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San Francisco pulls the controversial “IPO tax” because it wasn’t simply an IPO tax

The local measure had taken on national significance because it showed how governments are trying to limit the power and riches of tech companies.

NYC cab drivers rallied in front of the Uber and Lyft
Cab drivers in front of the Uber and Lyft offices in Long Island City, New York, protesting Uber’s IPO.
Gabriele Holtermann-Gorden/Pacific Press/LightRocket via Getty Images

San Francisco has pulled a controversial measure to impose a new tax on startups filing to go public, partly because the first draft of the proposal swept too much of the local economy into its dragnet.

San Francisco supervisors rushed to put a measure on this November’s ballot that they called an “IPO tax” that would have capitalized on the parade of local tech companies like Uber and Pinterest planning to have IPOs this year. But some of the argument crumbled under scrutiny, as supervisors were pressed on whether the measure as written would unintentionally tax all stock-based compensation of all San Francisco-based companies — rather than more narrowly just taxing employers when they have an IPO and their employees exercise their stock options.

That made the “IPO tax” much more than an “IPO tax” — and, in the eyes of its detractors, that marketing was misleading and an attempt to piggyback on the surging antipathy toward tech companies. That’s why this local measure had taken on some national significance, offering a window into how governments are searching for ways to limit the power and riches of tech companies.

Gordon Mar, the lead sponsor of the measure, told Recode in May that he wrote the measure this way because it was “the simplest way to draft it” and crucial to “getting on the fast track.” But he acknowledged that he had introduced errors in that drafting and that he was prepared to pare back the measure significantly.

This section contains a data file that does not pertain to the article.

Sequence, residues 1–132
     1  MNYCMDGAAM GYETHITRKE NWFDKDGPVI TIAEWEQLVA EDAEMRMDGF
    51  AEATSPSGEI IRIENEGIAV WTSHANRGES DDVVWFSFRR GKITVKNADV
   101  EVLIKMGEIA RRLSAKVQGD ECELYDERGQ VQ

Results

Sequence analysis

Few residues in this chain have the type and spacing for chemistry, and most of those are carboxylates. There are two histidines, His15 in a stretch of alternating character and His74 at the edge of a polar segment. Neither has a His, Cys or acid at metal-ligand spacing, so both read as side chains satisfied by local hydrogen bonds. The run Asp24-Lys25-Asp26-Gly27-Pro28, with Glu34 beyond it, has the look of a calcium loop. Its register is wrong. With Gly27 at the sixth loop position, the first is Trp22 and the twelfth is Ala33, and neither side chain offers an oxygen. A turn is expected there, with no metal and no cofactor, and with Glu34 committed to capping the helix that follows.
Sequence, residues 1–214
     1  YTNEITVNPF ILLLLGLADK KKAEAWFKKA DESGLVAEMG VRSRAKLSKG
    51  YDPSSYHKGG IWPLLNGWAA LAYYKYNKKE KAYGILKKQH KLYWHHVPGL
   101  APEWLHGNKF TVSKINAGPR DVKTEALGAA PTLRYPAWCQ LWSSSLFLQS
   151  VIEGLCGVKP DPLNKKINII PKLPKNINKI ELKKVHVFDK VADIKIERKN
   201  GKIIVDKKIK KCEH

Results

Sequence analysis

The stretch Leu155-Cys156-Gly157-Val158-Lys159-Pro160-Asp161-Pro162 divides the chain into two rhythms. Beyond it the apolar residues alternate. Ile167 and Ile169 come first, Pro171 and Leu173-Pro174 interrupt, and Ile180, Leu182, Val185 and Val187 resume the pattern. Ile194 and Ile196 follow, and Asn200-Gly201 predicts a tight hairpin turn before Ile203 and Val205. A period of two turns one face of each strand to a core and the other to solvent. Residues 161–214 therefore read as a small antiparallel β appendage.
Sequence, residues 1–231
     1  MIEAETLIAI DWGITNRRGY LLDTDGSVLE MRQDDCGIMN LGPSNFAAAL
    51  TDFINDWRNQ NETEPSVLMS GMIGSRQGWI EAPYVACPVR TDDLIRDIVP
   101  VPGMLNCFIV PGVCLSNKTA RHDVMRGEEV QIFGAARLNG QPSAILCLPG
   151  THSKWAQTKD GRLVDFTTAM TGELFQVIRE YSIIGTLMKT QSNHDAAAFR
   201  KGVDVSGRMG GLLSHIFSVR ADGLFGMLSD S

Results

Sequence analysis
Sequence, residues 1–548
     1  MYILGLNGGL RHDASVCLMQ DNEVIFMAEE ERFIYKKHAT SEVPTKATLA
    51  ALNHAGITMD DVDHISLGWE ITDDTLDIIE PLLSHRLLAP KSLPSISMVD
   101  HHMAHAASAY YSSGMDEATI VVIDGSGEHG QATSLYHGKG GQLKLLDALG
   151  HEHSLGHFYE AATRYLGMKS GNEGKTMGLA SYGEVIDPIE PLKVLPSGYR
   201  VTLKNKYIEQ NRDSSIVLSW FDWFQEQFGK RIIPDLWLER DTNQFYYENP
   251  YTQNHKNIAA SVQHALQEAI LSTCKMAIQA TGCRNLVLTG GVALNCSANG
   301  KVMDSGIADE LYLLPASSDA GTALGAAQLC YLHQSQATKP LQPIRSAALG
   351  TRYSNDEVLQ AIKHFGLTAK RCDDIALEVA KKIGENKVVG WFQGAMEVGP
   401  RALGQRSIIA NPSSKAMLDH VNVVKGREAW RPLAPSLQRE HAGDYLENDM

Now it appears he needs more time to do that. Mar’s office says a similar measure will be introduced for the November 2020 ballot that would also tax stock-based compensation but would be workshopped with local leaders, a group he calls the Shared Prosperity Coalition. Exact details are still to be determined.

“We will be losing some of the near-term revenue in making this move,” an aide to Mar, Edward Wright, told the San Francisco Chronicle. “But alongside the urgency of the IPOs that are happening now, we are focused on the urgency in the overall crisis of our city’s economic inequality.”

Mar’s office had predicted that the proposal could take in a minimum of $50 million a year — and as much as $100 to $200 million in its first two years — for a new “shared prosperity” fund to tackle social problems like affordable housing. And as part of the effort, it had made the retroactive effective date of the measure to be May 7, 2019 — the day before Uber’s IPO.

Mar is expected to introduce his new version of the measure next week. The city is preparing a broad review of business taxes levied against local companies, and Mar wants to sync this new proposal with those other ones.

“IPOs exacerbate these crises, but they did not cause them,” Mar said in a statement. “And by making this proposal part of a longer-term, more comprehensive strategy to address economic inequality, we can more effectively and responsibly tackle the long-term challenges facing our City.”

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